Save the Dates :
If you can avoid it, do not send Save the Dates unless they are absolutely necessary. If you need to send Save the Dates because of your wedding’s location, use 100% post-consumer recycled paper (not just 100% recycled - they are not the same thing), or send them digitally. Do not use magnets, as tempting as they may be!
Use as little paper as possible. Try just sending one postcard with your website where guests can RSVP.
Support a small-business owner, like a local invitation maker (I can send you recommendations!) or use someone sustainable like Paper Culture.
Use center pieces and table cloths that you will use in your own home after the wedding, or that you can gift to friends and family who will also use them in their own home - better yet, use things you already own or that your friends and family already own such as :
Herb plants that guests can add straight to their food or take home
Food & Plates :
Along the same lines of using things from home to decorate, try using dishes from home or renting dishes.
If your wedding is small enough, or if your wedding is casual and intimate enough, make your own food or ask others to bring food. I know having a pot-luck wedding sounds ridiculous, but it works for a lot of people (and a lot of budgets).
Dresses & Suits :
Find sustainable wedding dresses and suits. Sustainable clothes are a lot of money, so if you can’t get yourself to spend that much, look into buying second-hand or vintage dresses!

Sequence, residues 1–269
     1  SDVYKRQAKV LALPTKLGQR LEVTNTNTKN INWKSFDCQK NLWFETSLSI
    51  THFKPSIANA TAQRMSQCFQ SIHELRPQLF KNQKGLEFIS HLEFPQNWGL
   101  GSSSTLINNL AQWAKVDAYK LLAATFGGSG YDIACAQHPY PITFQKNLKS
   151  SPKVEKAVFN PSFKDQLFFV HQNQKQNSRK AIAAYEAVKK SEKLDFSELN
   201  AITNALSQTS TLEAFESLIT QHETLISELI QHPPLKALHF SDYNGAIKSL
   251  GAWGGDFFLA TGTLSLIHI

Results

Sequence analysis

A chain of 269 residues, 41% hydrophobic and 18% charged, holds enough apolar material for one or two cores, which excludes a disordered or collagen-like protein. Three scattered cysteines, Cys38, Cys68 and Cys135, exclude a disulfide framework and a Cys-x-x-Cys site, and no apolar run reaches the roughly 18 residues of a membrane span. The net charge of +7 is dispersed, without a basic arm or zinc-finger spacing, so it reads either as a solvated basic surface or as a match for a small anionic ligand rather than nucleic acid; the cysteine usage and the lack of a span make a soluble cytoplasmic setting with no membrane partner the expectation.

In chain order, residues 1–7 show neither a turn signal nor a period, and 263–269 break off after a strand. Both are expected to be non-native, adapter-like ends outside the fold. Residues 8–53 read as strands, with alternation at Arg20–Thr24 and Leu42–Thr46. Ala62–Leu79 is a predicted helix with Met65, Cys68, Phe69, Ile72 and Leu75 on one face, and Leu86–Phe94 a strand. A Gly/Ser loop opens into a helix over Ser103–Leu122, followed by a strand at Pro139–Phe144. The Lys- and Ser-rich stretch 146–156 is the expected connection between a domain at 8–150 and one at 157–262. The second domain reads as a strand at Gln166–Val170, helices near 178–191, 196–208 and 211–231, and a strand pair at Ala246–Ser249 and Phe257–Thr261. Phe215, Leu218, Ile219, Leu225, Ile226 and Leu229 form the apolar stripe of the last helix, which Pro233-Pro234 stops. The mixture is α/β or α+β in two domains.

I have had a hard time finding sustainable clothes for grooms! If you know of any, please feel free to let me know so I can update this.
For your bridesmaids and groomsmen, ask them to find sustainable clothes that they will wear over and over again - gone are the days of everyone matching.
H&M’s Conscious & Sustainable : Men - they even have tuxedo jackets
Gifts for your bridesmaids, groomsmen, and guests are tough - but instead of buying them things they will only use the day-of your wedding, spend time thinking of meaningful gifts they can always use - such as plants, photos taken with them, natural skincare or soaps, homemade candles, or simply handwritten thank-you notes.
If you are using a florist for your wedding, find one who uses locally sourced flowers. After your wedding, dry your flowers and use them as decoration in your home, and give to family & friends! Herb plants in terra cotta pots, like basil or cilantro, that guests can add straight to their food. Tell your guests to bring centerpieces home with drying instructions so they can do the same.
Still have more leftover? Bring your floral arrangements to nursing homes or hospitals to brighten someone else’s day.
Grand Exits & Sparkler Exits :
If you are having an outdoor ceremony and want to do a grand exit, consider throwing local flower petals or leaves.
Your Own Back Yard :
It doesn't get more eco-friendly than having a wedding in your own back yard. Plus, you'll have the added sentimentality of getting married in the place where you grew up, whether it be on the beach, near a lake, in a prairie, in the country or in the mountains. Read my Backyard Blog Post Here!
Things to think about during your entire planning process :
Can we do this and help a local small business?
Will this be thrown out after the wedding? (but us or by guests)
Who are these made by? Is it ethical?
How can we reuse this?
Do we already have this?
Can we rent this?